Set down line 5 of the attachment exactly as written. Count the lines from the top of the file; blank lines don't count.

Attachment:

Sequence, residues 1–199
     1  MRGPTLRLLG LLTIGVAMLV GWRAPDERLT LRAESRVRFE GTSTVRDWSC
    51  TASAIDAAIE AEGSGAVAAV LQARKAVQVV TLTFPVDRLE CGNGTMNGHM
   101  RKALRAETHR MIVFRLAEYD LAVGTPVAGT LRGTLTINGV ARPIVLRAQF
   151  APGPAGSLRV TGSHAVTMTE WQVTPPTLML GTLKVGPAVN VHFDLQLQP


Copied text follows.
   151  APGPAGSLRV TGSHAVTMTE WQVTPPTLML GTLKVGPAVN VHFDLQLQP